6. A lot, and nope. But now answer my question: Do photos of the Starship advance in any way the launch date? The only influence the popularity of the program had on it is the fact that the FAA is taking forever for the environmental assessment due to all the attention on it. Also consider that, differently from a videogame, the Starship is a very big and very visible physical object, quite difficult to hide and thus mostly reported by third parties. If we could spy KSP2 code from half a Km away we would have an army of stalkers updating the forums too.
  7. Why? To cut people out of content for no reason at all? There's no reason for it and, at least for me, it would be the fastest way to a guaranteed refund. That kind of crap shouldn't be a thing in any game. MMO implies "Massive" with orbital mechanics there's no way to gain the kind of audience to make even a dent in the MMO genre. Anything more difficult to fly or pilot than a GTA San Andreas plane is not going to gather a "massive" amount of player no matter how well written your tutorials are.
  8. Do you plan to pay for mods? Otherwise what you're saying here is "Devs shouldn't wasting time and we shouldn't wasting money, there's those idiots doing all the work for free". I want the devs to support the game, not third parties fixing it for free. The only think I can demand and expect from devs on modding is that the game is moddable, and modder-friendly, nothing more. I don't want the plan to be hinging on taking for granted a stil non-existing modding community. I want the game to have long term support, in 5 years, 10 years from now I want to be here on the forum speculating on what the next big expansion will contain, this is an open ended sandbox game, not a story driven one, let's make the comparison with similar games, it's useless to make comparisons with RPGs and shooters. Oxygen not Included, Rimworld, Factorio, Stellaris, Cities: Skylines, Europa Universalis, Timberborn, Dyson Sphere program (the last two are still in Early Access). Those are games similar in model and scope to KSP2, different genres and settings, yes, but all games on which you can spend thousands of hours and for which big expansions are still the main monetization model and sequels only seen when there's some real technological gap to cover. Monetization needs to come if we want to talk about a long term for this game, I don't think anyone here is talking about launch-day DLCs, but probably not even expecting them in the first year after release. KSP1 lasted for a decade, that's the kind of timeframe in everyone's mind here. I wasn't very active here prior to KSP2 discussions, but my forum account will be 9 years old in a month, when I think about KSP2 I think about the next 9, not the few months after launch, and I'm pretty sure I'm not the only one.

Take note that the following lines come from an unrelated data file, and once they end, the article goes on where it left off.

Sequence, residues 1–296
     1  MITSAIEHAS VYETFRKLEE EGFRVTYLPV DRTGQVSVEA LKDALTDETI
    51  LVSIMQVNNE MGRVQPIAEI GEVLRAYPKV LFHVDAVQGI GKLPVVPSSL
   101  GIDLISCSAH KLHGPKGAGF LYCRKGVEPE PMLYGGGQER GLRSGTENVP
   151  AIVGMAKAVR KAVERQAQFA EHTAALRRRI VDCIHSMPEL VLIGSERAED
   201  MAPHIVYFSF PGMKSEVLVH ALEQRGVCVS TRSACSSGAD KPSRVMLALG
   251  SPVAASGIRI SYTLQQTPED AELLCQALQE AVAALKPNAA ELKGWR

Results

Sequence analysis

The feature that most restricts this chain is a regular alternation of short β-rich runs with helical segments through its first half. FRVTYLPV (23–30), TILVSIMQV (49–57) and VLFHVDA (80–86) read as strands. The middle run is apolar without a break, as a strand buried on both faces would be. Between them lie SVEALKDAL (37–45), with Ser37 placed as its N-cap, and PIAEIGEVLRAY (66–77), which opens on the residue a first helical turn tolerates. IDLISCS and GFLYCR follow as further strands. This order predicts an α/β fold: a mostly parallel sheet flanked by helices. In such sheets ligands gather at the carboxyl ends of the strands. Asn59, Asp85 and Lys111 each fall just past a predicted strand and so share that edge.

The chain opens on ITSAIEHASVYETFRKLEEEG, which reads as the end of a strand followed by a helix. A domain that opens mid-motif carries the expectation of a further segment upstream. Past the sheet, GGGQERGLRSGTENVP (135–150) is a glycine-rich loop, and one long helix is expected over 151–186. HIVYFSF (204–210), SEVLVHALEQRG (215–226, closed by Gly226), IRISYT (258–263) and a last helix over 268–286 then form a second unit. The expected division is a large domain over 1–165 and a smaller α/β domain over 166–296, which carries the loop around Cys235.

9. Yep, the lack of base parts in KSP is not a design choice driven by gameplay but by the simple fact that the game doesn't like to load multiple crafts sitting on the surface near each other.